According to The Atlantic Monthly, they just get moved around (subscription required, unfortunately):

There's plenty of debate about "school choice," but perhaps parents and other interested parties should worry more about "teacher choice—"that is, principals' ability to hire the best teachers they can find. A recent study from the New Teacher Project, which collected data on staffing at five major urban school districts around the country, discovered that 40 percent of teacher vacancies were filled by "voluntary transfers" (incumbent teachers exercising contract- mandated transfer options) and "excessed" teachers (teachers whose jobs were cut and who generally must, according to union rules, be hired before other candidates). According to the study, many of the teachers hired in these instances are "poor performers" and are "passed around from school to school instead of being terminated." Principals, of course, are unhappy about this state of affairs. In one district, 64 percent of principals at schools that added such teachers in the last year said that they wished they had not hired them, and 26 percent rated "all or almost all" of the excessed teachers who came on board as "unsatisfactory."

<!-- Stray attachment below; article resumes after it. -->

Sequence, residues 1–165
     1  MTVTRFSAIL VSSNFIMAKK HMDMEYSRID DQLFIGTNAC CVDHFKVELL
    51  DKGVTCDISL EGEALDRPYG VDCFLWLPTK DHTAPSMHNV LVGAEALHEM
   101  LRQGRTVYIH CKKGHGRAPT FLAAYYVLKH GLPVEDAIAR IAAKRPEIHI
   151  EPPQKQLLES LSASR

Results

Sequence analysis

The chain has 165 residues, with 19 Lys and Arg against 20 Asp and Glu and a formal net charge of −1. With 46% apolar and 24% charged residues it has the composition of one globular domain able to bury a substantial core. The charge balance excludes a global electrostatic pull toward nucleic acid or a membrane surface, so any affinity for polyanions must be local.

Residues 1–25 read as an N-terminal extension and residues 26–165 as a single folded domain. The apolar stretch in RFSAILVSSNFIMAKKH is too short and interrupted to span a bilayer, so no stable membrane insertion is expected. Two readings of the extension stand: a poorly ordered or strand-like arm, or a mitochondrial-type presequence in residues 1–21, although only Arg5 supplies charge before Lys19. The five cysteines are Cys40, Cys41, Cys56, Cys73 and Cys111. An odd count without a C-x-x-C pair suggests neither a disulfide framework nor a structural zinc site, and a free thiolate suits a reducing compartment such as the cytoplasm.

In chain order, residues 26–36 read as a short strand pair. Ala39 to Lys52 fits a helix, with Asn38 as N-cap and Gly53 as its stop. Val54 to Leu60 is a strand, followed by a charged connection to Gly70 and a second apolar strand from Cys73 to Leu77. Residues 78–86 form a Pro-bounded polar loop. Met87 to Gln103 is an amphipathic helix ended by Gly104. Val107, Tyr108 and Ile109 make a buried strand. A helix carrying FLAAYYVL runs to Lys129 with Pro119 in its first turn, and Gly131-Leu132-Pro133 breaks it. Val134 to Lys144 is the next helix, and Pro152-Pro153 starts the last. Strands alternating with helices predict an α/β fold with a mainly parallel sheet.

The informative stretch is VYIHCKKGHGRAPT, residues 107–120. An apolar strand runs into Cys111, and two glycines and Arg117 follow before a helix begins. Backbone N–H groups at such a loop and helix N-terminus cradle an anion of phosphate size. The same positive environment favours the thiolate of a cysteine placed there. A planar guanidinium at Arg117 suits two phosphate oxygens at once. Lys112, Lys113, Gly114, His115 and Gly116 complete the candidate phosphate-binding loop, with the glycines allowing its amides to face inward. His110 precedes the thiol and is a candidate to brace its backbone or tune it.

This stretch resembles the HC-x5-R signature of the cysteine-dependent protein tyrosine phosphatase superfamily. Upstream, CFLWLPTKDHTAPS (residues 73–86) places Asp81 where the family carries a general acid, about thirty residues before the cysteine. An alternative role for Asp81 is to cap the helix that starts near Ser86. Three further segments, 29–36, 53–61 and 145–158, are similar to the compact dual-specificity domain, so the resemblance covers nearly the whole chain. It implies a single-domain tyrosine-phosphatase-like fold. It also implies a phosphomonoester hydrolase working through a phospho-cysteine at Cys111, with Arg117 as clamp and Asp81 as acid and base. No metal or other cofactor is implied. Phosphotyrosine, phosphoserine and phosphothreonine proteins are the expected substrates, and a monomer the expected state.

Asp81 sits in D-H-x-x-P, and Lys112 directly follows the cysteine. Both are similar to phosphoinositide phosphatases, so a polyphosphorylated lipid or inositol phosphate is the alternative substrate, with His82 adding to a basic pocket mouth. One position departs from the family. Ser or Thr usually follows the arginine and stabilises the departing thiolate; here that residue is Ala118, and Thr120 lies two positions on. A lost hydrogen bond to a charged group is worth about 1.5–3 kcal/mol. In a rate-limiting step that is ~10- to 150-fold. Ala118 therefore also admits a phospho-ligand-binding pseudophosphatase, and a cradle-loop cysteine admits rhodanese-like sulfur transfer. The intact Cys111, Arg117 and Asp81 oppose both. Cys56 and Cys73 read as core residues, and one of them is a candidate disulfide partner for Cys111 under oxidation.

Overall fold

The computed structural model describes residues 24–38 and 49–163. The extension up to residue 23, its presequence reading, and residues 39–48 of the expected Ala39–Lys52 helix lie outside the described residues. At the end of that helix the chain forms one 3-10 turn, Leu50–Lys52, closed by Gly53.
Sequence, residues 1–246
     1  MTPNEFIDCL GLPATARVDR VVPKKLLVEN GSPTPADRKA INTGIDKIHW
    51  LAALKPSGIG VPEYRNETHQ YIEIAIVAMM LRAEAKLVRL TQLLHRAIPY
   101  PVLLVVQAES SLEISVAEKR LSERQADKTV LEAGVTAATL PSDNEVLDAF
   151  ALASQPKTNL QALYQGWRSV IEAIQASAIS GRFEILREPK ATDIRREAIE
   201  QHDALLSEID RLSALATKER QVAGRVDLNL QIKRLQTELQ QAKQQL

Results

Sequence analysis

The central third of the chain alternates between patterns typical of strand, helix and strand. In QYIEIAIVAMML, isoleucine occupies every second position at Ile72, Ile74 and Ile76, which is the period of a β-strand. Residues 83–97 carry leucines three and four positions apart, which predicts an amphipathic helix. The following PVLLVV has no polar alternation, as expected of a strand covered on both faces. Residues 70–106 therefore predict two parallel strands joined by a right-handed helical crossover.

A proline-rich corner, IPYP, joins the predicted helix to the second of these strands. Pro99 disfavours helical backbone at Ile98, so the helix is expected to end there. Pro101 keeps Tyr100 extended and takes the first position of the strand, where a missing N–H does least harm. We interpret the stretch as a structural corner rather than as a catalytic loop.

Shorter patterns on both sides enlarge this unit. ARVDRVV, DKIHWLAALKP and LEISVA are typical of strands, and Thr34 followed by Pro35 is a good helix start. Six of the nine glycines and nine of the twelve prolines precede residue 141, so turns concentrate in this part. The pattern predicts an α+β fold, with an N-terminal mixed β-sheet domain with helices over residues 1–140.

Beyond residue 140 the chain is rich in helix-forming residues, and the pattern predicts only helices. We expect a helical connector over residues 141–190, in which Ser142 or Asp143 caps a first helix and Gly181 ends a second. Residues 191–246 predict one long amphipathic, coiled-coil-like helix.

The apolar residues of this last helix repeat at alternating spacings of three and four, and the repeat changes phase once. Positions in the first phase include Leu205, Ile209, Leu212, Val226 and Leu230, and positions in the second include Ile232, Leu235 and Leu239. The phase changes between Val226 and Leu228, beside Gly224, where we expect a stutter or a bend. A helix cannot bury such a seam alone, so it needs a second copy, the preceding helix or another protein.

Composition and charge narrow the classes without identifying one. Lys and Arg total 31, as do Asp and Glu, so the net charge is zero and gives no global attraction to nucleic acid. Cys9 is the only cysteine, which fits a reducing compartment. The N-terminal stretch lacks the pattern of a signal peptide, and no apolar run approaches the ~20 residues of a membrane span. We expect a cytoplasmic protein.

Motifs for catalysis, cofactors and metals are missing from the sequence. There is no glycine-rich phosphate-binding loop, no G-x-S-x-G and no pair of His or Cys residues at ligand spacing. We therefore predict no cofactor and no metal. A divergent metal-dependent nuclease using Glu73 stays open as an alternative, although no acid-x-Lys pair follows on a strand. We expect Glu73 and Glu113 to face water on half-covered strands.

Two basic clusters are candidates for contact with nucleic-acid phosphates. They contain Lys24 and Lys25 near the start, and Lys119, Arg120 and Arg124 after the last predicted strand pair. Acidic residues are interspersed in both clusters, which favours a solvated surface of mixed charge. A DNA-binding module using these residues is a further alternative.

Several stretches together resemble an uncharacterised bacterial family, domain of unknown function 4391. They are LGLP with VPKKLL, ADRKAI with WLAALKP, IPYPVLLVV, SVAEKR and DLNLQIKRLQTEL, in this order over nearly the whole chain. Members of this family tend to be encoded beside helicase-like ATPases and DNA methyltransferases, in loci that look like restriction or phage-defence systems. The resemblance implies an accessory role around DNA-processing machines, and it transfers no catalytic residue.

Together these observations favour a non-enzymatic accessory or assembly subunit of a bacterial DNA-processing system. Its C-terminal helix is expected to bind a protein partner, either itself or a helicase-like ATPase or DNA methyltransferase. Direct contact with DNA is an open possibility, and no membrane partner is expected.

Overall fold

Unions: Protecting the unqualified from termination for over a century. Lovely.

Tristram Shandy: A Cock and Bull Story

The Life and Opinions of Tristram Shandy, Gentleman, is an 18th century novel by Laurence Sterne, about a man attempting, but failing, to write his autobiography. Or so I'm told. I've never actually read it. Admitting this fact puts me one step ahead of the cast and characters, of Tristram Shandy, A Cock and Bull Story, a movie about an attempt at making a movie about a man attempting to write his autobiography, but failing, but failing.

Steve Coogan plays Tristram Shandy, but he also plays Steve Coogan. "Co-lead" Steve Brydon plays Toby Shandy, as well as Steve Brydon. It is clear that, at most, two people on the set actually understand that the story is more about writing and the creative process than it is about any story that may or may not be there. As no one understands this, the poor writer has been forced to do three re-writes to make the story more audience friendly. His most recent version contains a battle scene which clearly isn't that important, but is the cause of much fretting.

The movie is brilliant.